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Sunday 16th June 2019

Cancer tumours grown in lab

20th December 2011

Researchers in the US have discovered a way of extracting tumours from people without killing the tumour cells, allowing them to observe the way cancers grow, and generating a hubbub in the scientific community.


Scientists had previously been unable to make cancer cells live in laboratories for anything but very short periods of time.

Richard Schlegel, chairman of the department of pathology at Georgetown University's Lombardi Comprehensive Cancer Centre, who lead the study, said that advances in technology had fuelled hopes of a new form of cancer treatment that derived cancer-killing drugs from people's own cells, describing that process as the ultimate form of personalised medicine.

He said that being able to suit therapies exactly to people's tissues would hypothetically involve deriving normal tissue and tumour tissue from a particular patient, making a therapy based on a specific match.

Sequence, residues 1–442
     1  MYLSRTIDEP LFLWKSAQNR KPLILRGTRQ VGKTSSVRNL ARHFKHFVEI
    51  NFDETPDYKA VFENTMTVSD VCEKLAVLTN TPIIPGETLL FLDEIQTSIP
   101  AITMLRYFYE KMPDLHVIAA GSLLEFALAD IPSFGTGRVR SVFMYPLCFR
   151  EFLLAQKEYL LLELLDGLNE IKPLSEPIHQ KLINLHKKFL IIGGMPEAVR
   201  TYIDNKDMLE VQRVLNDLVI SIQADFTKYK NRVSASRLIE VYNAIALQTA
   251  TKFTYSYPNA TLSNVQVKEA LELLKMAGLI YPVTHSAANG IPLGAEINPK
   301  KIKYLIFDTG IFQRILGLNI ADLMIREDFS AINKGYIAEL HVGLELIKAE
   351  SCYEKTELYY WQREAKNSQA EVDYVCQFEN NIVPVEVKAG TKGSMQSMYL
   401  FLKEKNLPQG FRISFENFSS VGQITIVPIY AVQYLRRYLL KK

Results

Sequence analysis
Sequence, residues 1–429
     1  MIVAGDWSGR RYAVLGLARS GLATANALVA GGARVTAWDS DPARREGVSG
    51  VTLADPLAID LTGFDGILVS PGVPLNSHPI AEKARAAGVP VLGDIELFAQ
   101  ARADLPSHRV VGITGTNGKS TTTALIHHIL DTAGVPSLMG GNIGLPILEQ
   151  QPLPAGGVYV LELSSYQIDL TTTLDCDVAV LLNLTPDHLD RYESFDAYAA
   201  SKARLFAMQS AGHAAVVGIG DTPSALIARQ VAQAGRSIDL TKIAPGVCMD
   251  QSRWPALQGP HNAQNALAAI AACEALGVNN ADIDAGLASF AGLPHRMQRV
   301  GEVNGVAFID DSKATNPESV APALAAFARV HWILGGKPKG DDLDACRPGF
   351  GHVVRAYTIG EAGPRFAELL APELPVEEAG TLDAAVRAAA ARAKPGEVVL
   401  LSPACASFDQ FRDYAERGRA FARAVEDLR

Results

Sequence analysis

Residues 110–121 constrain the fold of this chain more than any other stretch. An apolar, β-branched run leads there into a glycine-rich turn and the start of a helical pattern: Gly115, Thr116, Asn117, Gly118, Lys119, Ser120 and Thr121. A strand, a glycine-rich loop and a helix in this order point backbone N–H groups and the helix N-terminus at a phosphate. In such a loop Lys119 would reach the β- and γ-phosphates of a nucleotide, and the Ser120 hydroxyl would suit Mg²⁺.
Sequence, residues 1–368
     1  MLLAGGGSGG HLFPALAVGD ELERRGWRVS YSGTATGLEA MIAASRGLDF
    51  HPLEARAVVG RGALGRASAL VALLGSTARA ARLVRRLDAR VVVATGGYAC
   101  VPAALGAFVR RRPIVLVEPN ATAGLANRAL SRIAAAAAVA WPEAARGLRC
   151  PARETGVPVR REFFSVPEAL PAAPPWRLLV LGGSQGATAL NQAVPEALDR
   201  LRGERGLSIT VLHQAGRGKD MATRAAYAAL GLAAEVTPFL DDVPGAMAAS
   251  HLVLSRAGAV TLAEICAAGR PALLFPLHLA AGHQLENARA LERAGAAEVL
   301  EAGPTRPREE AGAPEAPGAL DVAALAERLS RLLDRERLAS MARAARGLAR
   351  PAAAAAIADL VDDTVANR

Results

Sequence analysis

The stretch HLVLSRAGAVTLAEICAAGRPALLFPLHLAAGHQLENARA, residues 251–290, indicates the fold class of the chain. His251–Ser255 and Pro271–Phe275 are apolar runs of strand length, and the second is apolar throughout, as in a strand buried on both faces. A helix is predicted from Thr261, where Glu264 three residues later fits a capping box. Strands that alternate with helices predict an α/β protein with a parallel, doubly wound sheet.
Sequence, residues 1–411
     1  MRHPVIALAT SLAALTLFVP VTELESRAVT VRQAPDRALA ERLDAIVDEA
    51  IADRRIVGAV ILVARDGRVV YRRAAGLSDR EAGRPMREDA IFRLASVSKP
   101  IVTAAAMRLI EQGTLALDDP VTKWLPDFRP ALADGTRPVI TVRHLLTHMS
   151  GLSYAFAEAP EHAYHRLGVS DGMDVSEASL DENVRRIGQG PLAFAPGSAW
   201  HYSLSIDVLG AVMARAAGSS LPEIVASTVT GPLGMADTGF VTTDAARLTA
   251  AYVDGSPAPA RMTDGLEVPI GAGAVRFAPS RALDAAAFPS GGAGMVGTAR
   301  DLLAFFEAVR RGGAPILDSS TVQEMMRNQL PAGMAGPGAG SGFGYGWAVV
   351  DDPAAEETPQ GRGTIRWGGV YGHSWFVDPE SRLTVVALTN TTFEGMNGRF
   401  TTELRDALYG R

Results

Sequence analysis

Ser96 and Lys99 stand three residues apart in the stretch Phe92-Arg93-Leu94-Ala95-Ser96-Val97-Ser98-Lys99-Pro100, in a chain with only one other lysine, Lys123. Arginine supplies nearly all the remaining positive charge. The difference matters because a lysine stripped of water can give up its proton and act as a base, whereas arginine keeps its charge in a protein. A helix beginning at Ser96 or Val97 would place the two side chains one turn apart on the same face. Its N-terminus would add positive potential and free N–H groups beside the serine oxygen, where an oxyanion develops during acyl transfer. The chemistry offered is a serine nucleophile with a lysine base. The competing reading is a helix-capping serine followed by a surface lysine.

Using the method, which borrows from stem cell research, the researchers were able to keep lung, breast, colon, and prostate cancers alive for up to two years.

The method makes use of fibroblast feeder cells, which keep the tumours alive, and what are known as Rho kinase (ROCK) inhibitors, allowing the tumours to reproduce.

The two methods are used in stem cell therapies to convert human tissue to stem cells.

Schlegel said that he and his colleagues were very excited about the possible treatment possibilities that might arise from the new technique.

David Rimm, a pathology professor at Yale University, who was not involved in the study, said that none of the actual methods used by the scientists were new.

He said, however, that the particular combination of existing techniques which the researchers had used was very clever.

Rimm said he had initially felt inclined to be sceptical about results that had not yet been repeated. But he said a colleague of his had succeeded in using the technique with pancreatic cancer cells.

Marc Symons, an investigator at the Feinstein Institute for Medical Research New York, who was also not involved in the study, said that the fact that tumours from one patient were often so different from those in any other given patient, even though they appeared to be the same under a pathologist's microscope, was an important reason why so many clinical trials in cancer medicine failed.

He said the new technique could revolutionise the way doctors thought of cancer treatment.




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